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Japanese automakers shift gears on traditions

The Nissan Motor Co. has gone to great lengths to give customers what they want.

Japanese buyers of the Nissan Sunny, known as the Stanza in the United States, can choose from nearly 200 variations with different engines, bodies, tires and transmissions. The company has sold fewer than a dozen units of some combinations.

But those days are over. Nissan, which says it will lose money this year for the first time in about four decades, is trying to save money by cutting back on the number of variations it is offering, even it if means sacrificing market share. It is also leaving some models on the market longer than the customary four years. And it is trying to use the same parts in more models. Right now, for instance, there are about 70 kinds of steering wheels used in its automobiles, when far fewer would do.

The move at Nissan is part of a big change occurring in Japan's auto industry. Buffeted by a slowdown in sales and a host of other problems, Japan's automakers are being forced to modify the vaunted system by which they design, produce and sell automobiles, even as this system is being emulated around the world.

The system, first developed by Toyota and often called "lean production," involves rapid introduction of models, a flexible manufacturing system that can make many kinds of cars on the same assembly line, low inventories and long-term relationships with suppliers.

But now, manufacturers are starting to cut the number of products they offer, slow the pace at which they bring out products, reduce their reliance on low prices as a marketing strategy, keep larger inventories and loosen historic bonds with suppliers. And a severe labor shortage in Japan might make it more difficult to attract and retain the skilled, disciplined workers who are a hallmark of the system.

Reworking the Toyota system

"We're looking right now at the most significant shift and the greatest pressure on the Japanese system since it achieved pre-eminence in the early '80s," said Harley Shaiken, professor of work and technology at the University of California at San Diego, who is studying Japanese auto factories. "The Toyota system that powered Japan in the '80s will need an overhaul for the '90s."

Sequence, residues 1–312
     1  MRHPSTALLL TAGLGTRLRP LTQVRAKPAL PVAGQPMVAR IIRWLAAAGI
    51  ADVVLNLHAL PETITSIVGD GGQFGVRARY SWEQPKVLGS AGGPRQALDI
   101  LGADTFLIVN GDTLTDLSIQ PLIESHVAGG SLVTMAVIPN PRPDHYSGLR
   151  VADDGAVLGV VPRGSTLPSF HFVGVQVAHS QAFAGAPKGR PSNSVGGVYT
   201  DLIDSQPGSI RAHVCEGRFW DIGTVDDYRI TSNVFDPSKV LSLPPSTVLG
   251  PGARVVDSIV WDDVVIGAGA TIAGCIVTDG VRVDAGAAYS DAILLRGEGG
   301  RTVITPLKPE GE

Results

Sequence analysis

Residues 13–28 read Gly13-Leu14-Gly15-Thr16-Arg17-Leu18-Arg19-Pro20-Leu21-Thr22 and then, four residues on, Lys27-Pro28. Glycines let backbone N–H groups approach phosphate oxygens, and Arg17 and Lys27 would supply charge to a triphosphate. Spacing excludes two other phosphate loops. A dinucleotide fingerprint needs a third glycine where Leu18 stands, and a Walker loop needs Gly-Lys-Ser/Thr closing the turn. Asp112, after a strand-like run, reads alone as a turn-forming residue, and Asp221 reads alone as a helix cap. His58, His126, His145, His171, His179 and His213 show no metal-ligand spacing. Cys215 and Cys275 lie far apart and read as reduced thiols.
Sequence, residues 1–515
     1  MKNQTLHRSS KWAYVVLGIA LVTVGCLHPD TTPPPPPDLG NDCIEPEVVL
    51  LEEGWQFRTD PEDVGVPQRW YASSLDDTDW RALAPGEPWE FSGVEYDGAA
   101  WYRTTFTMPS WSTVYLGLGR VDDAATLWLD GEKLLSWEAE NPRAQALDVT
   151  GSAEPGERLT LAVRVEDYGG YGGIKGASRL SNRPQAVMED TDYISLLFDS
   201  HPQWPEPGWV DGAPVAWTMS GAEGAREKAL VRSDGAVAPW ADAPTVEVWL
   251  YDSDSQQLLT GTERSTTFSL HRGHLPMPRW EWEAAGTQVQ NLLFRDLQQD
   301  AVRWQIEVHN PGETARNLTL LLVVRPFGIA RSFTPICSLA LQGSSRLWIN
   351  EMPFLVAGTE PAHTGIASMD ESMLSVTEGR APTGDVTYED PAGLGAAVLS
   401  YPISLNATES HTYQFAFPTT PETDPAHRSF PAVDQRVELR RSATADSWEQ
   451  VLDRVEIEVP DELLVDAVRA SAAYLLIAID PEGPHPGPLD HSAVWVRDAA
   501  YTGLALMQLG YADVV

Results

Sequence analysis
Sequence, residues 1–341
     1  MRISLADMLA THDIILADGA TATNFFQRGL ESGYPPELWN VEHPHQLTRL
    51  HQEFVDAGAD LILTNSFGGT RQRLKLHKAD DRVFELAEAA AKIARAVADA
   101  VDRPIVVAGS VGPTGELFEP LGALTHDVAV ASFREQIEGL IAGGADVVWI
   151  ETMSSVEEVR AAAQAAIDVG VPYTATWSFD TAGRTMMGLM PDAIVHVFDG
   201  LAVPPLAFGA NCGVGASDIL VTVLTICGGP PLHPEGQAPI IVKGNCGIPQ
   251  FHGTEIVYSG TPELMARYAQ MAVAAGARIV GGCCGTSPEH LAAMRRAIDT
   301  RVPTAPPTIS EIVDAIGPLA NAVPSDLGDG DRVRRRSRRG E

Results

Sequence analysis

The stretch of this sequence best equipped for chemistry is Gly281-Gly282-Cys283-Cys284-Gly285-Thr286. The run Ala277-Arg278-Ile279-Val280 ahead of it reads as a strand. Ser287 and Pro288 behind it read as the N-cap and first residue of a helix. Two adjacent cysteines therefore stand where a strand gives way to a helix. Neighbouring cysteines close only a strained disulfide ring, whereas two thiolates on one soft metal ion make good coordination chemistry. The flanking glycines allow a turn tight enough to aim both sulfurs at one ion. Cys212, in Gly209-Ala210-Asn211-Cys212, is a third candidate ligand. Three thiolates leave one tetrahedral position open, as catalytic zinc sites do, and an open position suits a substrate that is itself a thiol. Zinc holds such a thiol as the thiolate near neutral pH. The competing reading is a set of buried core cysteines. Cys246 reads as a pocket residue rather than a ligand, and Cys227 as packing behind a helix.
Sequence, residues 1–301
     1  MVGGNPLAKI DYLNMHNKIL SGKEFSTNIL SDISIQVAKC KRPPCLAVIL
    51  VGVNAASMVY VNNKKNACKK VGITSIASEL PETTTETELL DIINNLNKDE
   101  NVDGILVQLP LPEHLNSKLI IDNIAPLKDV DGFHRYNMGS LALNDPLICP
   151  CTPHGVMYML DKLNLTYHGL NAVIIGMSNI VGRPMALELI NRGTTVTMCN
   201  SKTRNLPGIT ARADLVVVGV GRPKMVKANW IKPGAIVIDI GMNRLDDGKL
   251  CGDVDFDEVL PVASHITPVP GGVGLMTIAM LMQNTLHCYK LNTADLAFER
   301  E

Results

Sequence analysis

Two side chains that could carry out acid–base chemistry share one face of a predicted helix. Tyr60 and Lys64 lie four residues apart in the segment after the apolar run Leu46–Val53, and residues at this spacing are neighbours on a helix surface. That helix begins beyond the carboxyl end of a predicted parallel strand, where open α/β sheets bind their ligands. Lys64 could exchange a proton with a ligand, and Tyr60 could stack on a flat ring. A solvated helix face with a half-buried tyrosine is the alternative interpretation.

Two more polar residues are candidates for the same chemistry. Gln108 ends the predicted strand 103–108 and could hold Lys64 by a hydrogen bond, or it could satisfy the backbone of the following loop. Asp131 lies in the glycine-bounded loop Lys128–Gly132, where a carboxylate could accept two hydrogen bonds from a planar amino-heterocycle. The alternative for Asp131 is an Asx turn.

No one expects Japanese companies to abandon lean production, only to modify it. And no one expects the big Japanese producers to fade as a force on the world scene, or even to have problems of the magnitude experienced at times by General Motors or Chrysler.

But the Japanese manufacturers could become less invincible than they have been in the past, giving Detroit some breathing room. And they could suffer some decline in market share, as they have this year in the United States, where Japanese share of the car and light-truck market has dropped slightly.

Driving the changes is the fact that Japan's automobile industry is now in its second year of declining sales and production, making this the most severe downturn the Japanese producers have seen in decades. Total production of Japanese cars, trucks and buses in Japan peaked at 13.5-million in 1990 and will probably be less than 12.6-million this year, according to Merrill Lynch. (Overseas production totaled about 2-million cars in 1990, and is apparently still growing, but the calculations for 1991 and projections for this year have not yet been made.)

Because of the economic recession in Japan, sales of passenger cars here have fallen 6.3 percent in the first seven months of the year, after registering a 4.6 percent drop in 1991. The domestic market is particularly important for Japanese companies because it is one they alone control, giving them a revenue base that helps them compete elsewhere.